linear. At the output, the powers are being combined and you get twice
the power as you would get with a single amplifier, this gives you a
higher P1dB (theoreticaly 3dB higher, practically less due to the hybrid
coupler insertion loss). The disadvantage of this topology is of course
the power dissipation, which is twice than single ended amplifier.
To your question, absolutely Push-Pull amplifier is more linear
than single ended one because you utilize the entire cycle of the input
signal, namely the amplifier delivers the entire cycle without cutting
it and by this you produce a linear amplifier with less distortions.
You use class A-B or class B transistor amplifiers and combines them
in Push-pull so at any given time one of them conducts, this can be
done in a balanced amplifier topology or in the push-pull topology.
postPosted: Mon Jun 07, 2004 5:28 pm
of topology for balanced amplifier coincides with yours, but I am afraid
not with Darrin’s. Yet since you are on a position to comment Darrin’s
posting, would you explain please the issue of second harmonic suppression
in balanced amplifier? I am accustomed to idea that this feature does
not belong to balanced amplifier inherently.
Furthermore, I quote
your statement “You use class A-B or class B transistor amplifiers and
combines them in Push-pull so at any given time one of them conducts,
this can be done in a balanced amplifier topology or in the push-pull
topology.” How this can possibly be done in a BALANCED topology?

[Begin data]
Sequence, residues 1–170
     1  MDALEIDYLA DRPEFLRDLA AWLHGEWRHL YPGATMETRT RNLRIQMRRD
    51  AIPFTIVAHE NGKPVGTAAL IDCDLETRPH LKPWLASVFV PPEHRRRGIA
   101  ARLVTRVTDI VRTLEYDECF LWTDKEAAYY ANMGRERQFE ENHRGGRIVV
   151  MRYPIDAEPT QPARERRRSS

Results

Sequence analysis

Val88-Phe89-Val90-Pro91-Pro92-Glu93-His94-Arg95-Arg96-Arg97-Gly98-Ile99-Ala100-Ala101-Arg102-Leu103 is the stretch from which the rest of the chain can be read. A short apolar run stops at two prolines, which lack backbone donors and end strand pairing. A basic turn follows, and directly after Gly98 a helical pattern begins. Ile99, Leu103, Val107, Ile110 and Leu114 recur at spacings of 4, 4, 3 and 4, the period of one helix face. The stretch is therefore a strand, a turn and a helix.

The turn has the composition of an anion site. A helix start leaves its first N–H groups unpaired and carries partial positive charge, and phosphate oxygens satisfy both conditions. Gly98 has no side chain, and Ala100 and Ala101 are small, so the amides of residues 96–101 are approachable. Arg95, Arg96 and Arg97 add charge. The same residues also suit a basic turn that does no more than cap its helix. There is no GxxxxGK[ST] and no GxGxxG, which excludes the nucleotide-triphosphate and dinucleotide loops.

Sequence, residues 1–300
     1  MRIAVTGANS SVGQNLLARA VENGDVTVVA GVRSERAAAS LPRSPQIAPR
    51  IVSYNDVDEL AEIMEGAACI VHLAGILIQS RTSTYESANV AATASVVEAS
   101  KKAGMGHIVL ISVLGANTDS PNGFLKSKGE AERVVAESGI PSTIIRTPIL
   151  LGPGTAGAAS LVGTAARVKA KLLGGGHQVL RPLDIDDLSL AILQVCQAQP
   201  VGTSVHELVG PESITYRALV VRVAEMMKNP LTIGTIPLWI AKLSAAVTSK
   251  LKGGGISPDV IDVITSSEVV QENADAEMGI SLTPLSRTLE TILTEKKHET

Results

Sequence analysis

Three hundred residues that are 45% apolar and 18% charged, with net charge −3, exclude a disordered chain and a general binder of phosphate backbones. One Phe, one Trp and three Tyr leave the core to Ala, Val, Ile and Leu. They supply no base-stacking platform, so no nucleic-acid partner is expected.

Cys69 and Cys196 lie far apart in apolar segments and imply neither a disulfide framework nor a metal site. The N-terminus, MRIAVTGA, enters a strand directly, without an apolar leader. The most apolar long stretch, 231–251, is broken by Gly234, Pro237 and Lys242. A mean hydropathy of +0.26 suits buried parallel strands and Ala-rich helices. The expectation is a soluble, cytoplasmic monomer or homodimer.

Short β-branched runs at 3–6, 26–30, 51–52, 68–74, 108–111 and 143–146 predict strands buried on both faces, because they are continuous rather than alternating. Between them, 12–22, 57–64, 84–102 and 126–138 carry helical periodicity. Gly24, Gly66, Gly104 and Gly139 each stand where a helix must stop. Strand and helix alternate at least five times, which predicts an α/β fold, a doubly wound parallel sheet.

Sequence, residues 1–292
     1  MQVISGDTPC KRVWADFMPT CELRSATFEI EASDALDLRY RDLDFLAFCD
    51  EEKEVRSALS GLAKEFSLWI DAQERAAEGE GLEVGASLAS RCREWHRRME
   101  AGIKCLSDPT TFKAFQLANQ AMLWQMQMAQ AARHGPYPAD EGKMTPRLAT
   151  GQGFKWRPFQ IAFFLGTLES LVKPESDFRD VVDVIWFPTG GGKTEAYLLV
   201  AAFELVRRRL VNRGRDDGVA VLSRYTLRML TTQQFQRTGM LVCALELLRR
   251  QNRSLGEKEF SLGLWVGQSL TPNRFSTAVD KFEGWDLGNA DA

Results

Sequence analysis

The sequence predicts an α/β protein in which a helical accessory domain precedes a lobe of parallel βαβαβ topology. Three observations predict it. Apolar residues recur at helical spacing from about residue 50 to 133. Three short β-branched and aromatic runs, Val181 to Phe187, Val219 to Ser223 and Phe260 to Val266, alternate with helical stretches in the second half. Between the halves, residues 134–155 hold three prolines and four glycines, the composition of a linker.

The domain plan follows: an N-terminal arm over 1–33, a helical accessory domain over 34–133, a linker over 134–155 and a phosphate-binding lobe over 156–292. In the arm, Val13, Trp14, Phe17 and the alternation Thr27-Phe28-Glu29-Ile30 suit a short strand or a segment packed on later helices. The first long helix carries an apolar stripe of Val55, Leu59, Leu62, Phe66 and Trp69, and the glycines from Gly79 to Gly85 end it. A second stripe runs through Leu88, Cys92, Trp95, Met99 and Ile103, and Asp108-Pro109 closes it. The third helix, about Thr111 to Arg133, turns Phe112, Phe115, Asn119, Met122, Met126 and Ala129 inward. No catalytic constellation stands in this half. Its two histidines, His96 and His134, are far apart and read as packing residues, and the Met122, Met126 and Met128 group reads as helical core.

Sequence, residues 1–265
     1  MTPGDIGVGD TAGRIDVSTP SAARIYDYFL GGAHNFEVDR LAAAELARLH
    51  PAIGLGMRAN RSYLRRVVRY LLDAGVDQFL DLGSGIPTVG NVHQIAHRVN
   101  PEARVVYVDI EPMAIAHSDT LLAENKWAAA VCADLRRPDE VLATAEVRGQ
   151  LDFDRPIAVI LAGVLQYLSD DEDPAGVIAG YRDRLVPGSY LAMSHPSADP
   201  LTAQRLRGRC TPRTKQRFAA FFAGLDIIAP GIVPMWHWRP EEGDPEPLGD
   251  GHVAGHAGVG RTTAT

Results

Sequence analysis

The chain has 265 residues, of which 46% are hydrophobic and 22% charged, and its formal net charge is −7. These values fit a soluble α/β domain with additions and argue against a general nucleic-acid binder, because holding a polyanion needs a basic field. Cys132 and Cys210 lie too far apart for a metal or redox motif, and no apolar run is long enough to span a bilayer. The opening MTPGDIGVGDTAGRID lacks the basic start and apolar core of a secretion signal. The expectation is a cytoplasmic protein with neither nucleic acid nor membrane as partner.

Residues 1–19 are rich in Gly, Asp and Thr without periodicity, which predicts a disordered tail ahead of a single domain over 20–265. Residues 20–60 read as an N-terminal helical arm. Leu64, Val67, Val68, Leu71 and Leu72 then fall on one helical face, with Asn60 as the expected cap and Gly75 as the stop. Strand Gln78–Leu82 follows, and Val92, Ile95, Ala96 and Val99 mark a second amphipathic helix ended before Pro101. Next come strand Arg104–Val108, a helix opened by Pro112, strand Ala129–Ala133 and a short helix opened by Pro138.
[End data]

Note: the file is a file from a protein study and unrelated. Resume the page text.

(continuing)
I’d vote with both my hands for the idea of enhanced linearity of RF
push-pull amplifier due to conducting angle expanded to 360deg. This
is well-known fact at audio field. The problem is that for some reason
this seems not to work at RF, presumed that linearity concerns spectrum
re-growth close to carrier rather than second harmonic suppression (http://www.fcsi.fujitsu.com/products/MWpdf/an014.pdf).
Not even a single source I found mentions that RF AB class push-pull
amplifier is more linear than single ended counterpart. Can anyone explain
why, or prove opposite?
Unread postPosted: Thu Jul 08, 2004 5:41 pm
balanced amplifier is different from differential amplifer, the later
can be constructed by 180 degree balun or hybrid.
In most cases
the 2fo can not be eliminated as Darin said since they are out of band.
However 2fo can used rather than cancelled,and it is still very interesting
to have push-pull for high power delivery and ease to match(higher impedance).
Another insteresting developement is for Differential LNA design above
2 GHz, since this structure absorbs some noise sources which exist in
common mode and not need GOOD rf ground.
If talking same power
level, it is clear there is 3 dB power back off, good? If not, at least
the linearity is not worse then single-ended, OK?
amplifier is not limited by the concept of push-pull anymore. It can
be wokring at calss A, AB, C, E...
Old Tele man
Post subject: re: RFPA linearity
Unread postPosted: Sun Oct 17, 2004 1:28 am
Joined: Sun Oct 17, 2004 1:07 am
a very good book on this subject is:
Steve C. Cripps,
RF Power Amplifiers for Wireless Communications, 1999;
House (microwave library), Inc.; Norwood, MA;
Devil sez: "...Yes, but it's a DRY heat!"